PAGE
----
Today, less than 1% of buildings worldwide are net zero carbon — meaning they produce as much energy as they consume. The World Green Building Council has set an ambitious global goal to have all new buildings — whether commercial or residential — operating at net zero carbon by 2030, and 100% of all buildings reaching this by 2050. Technology will play a key role in achieving this objective alongside climate-sensitive architecture that adapts to its environment, new materials, natural cooling and heating, as well as retrofitting for existing buildings.
So how will technology help your building be greener by 2030?
The process will be similar to other types of optimization. Buildings will house a multitude of sensors that gather data from their environment. This data will be fed into smart systems that will process and analyze it, optimizing the building’s functions to consume the least possible energy while maintaining a comfortable and safe environment. Buildings will essentially become data-driven smart systems.
New buildings will use materials that are optimized for a given climate and use natural ventilation systems for heating and cooling. However, this alone won’t be enough. In emerging markets and developing economies, a predicted 650 million air conditioners will be added by 2030 — and these consume a lot of energy. Optimization will help reduce the impact of adding these appliances, while making our lives more comfortable even in the hottest or coldest of climates.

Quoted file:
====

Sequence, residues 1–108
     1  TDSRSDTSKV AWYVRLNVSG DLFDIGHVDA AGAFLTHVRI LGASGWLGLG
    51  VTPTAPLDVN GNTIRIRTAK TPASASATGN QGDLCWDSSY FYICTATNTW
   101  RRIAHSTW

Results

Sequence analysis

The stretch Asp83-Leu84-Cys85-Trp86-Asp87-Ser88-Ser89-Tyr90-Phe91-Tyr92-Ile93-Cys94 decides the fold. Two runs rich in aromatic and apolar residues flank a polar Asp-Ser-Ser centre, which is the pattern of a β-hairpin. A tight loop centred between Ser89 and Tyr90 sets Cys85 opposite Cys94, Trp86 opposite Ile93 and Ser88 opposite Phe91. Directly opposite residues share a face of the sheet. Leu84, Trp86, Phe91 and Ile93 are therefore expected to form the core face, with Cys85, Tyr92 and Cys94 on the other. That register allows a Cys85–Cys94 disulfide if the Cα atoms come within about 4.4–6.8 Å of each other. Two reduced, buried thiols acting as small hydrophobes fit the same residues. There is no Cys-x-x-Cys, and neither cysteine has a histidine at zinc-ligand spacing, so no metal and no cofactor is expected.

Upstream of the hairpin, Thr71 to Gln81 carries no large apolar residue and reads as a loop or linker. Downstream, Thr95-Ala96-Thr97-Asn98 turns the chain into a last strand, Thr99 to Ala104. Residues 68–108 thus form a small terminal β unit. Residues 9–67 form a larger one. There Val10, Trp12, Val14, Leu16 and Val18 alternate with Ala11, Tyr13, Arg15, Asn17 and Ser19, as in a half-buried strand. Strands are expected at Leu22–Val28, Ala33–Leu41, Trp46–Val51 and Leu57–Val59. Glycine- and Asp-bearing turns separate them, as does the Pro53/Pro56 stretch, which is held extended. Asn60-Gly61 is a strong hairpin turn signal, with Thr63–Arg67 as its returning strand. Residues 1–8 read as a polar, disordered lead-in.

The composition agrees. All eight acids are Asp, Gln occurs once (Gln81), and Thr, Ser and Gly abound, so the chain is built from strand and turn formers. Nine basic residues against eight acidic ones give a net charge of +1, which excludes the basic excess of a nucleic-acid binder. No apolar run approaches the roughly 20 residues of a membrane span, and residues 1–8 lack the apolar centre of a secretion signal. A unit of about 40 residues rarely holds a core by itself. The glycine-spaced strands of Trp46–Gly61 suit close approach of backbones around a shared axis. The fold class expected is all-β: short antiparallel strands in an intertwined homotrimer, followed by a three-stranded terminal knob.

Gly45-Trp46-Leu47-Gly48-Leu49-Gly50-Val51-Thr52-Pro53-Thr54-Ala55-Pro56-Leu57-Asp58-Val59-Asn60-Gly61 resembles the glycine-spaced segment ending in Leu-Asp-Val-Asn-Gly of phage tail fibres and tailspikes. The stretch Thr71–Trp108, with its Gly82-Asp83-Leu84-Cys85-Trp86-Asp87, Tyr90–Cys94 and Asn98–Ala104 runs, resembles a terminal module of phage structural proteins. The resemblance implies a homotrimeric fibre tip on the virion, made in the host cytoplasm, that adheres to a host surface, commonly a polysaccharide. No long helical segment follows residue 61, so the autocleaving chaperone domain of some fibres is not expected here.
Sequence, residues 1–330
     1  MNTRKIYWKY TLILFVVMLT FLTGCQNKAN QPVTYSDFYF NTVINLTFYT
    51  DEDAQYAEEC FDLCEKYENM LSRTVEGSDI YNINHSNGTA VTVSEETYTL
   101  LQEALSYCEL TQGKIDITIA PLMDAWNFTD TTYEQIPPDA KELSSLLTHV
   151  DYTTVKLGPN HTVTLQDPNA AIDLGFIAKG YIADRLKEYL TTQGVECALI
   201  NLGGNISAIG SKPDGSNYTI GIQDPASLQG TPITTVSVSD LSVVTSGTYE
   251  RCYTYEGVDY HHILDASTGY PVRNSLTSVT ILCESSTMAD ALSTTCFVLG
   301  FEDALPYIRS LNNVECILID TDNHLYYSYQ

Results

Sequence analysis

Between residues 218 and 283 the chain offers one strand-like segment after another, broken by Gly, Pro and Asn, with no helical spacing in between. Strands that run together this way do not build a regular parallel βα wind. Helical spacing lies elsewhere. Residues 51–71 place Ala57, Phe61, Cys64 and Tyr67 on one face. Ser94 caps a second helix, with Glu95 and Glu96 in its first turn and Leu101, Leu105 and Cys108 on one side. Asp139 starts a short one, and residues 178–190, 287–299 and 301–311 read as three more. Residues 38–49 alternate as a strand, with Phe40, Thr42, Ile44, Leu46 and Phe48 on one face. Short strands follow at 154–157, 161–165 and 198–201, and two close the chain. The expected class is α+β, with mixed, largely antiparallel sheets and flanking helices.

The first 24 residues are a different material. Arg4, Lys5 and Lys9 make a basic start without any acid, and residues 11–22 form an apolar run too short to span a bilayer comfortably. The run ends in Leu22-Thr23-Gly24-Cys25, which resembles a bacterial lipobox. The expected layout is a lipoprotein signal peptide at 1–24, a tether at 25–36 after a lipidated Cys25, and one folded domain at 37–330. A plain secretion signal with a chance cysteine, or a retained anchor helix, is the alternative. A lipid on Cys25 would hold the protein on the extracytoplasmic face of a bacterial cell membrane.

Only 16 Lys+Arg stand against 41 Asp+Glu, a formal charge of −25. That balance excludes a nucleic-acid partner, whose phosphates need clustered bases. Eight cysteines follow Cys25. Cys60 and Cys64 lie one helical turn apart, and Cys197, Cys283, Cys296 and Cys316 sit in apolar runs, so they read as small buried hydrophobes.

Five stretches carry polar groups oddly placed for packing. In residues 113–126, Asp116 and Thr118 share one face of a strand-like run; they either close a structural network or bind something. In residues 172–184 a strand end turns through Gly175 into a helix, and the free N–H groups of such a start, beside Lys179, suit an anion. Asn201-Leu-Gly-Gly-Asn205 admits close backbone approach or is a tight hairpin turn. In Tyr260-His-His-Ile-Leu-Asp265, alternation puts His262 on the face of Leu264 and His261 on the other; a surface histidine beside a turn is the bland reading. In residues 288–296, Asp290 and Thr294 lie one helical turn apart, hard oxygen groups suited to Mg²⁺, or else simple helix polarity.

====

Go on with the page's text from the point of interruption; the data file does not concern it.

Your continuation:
Energy production and storage will also be key. Many homes and buildings are already generating their own energy, for example by installing solar panels, and more will follow suit. Smart digital systems will help convert and store this energy, making it usable. In some cases, buildings will even generate excess energy helping supply electricity to surrounding areas.
Some commercial buildings are already taking steps toward saving energy while creating optimal environments indoors. One example is the Victoria Museum in Melbourne. Home to 17 million precious artifacts, the building needs to maintain a precise level of humidity, temperature, and lighting. The project has added 1 megawatt of solar power generated through solar panels alongside efficiency system upgrades. Together, these save 24% of electricity and 25% of water use, while protecting the 40,000 years of history that the museum houses.
The world around us is changing. First, we’ll see our homes transform into smart, intuitive spaces. Then, our community will take on a new form through latest technologies. Next, we’ll all be living in net zero carbon buildings, designed and retrofitted for our unique climates and needs. Ultimately, this will mean that our homes, communities and buildings will adapt to our needs, while reducing the human footprint on the environment. Are you ready for your 2030 home?
Learn more about our predictions for living spaces.
What else will be different in the Intelligent World 2030? Download our Intelligent World 2030 report to find out more.